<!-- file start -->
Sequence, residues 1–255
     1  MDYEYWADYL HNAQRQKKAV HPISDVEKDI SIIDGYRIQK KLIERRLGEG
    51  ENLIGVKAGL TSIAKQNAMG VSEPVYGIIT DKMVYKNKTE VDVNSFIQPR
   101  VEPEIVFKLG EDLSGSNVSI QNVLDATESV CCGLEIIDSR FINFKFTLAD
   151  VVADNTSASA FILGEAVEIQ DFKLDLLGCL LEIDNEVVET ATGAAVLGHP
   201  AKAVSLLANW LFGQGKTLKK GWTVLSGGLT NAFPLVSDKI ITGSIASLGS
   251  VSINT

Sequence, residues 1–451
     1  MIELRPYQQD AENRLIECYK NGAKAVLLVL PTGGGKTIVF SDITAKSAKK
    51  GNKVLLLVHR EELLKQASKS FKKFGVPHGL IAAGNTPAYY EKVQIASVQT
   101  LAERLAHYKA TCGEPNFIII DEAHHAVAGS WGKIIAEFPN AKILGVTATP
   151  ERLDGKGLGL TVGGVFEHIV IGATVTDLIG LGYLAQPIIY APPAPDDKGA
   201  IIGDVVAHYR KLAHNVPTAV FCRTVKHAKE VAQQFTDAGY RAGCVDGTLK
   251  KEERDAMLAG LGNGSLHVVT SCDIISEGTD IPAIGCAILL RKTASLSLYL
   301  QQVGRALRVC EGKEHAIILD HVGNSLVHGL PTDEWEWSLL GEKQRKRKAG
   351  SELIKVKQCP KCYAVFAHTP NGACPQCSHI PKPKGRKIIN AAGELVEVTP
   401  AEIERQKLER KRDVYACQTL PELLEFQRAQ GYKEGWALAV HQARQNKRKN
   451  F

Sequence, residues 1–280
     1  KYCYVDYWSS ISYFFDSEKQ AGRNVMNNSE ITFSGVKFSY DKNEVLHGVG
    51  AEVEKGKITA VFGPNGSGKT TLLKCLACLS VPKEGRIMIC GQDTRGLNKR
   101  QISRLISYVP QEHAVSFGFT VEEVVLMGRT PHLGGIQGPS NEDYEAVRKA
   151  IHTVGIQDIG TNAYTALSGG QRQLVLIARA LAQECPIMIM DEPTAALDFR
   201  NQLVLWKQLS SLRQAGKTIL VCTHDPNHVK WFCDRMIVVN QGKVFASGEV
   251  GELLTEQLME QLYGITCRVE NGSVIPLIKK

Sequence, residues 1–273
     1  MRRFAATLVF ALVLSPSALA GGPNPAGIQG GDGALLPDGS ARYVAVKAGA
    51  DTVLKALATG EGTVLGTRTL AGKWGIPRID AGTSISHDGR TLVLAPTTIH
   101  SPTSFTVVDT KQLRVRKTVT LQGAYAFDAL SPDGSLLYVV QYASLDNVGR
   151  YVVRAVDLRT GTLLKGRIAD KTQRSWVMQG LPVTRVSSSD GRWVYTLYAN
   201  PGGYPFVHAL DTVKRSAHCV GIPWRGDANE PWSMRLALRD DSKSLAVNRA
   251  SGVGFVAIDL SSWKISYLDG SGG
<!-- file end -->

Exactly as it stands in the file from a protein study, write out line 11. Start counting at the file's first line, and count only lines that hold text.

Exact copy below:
   101  LAERLAHYKA TCGEPNFIII DEAHHAVAGS WGKIIAEFPN AKILGVTATP